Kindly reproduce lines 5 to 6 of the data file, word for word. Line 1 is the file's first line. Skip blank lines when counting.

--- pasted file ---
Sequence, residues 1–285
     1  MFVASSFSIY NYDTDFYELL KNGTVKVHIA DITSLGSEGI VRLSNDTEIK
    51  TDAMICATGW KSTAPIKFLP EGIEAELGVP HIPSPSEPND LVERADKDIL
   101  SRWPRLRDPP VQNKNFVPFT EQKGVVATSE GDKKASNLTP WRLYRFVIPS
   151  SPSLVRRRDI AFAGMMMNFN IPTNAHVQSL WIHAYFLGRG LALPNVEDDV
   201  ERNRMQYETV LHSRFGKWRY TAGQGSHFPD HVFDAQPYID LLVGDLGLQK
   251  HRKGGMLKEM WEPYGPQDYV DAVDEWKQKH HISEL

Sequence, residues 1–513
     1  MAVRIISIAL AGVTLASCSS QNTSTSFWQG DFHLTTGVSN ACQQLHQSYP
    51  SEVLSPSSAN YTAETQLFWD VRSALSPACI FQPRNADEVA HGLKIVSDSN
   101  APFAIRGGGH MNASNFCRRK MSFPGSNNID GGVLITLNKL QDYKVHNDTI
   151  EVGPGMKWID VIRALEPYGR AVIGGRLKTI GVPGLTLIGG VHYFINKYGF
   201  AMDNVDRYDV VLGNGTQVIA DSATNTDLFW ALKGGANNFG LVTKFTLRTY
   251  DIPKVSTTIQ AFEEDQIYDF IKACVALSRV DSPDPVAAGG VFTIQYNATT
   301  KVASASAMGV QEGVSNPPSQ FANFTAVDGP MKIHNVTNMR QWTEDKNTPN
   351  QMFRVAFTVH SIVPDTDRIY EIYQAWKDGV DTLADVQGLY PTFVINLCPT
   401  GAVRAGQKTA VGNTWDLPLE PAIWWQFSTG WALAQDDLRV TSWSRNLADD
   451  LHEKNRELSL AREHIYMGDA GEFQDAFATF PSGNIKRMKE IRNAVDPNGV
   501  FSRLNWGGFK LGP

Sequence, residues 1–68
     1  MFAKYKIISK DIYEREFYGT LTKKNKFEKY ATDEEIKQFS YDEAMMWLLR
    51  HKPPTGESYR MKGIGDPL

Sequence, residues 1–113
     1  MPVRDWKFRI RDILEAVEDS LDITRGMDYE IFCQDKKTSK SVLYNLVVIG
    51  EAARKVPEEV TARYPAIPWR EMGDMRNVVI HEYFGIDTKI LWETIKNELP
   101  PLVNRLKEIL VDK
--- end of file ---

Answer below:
   151  SPSLVRRRDI AFAGMMMNFN IPTNAHVQSL WIHAYFLGRG LALPNVEDDV
   201  ERNRMQYETV LHSRFGKWRY TAGQGSHFPD HVFDAQPYID LLVGDLGLQK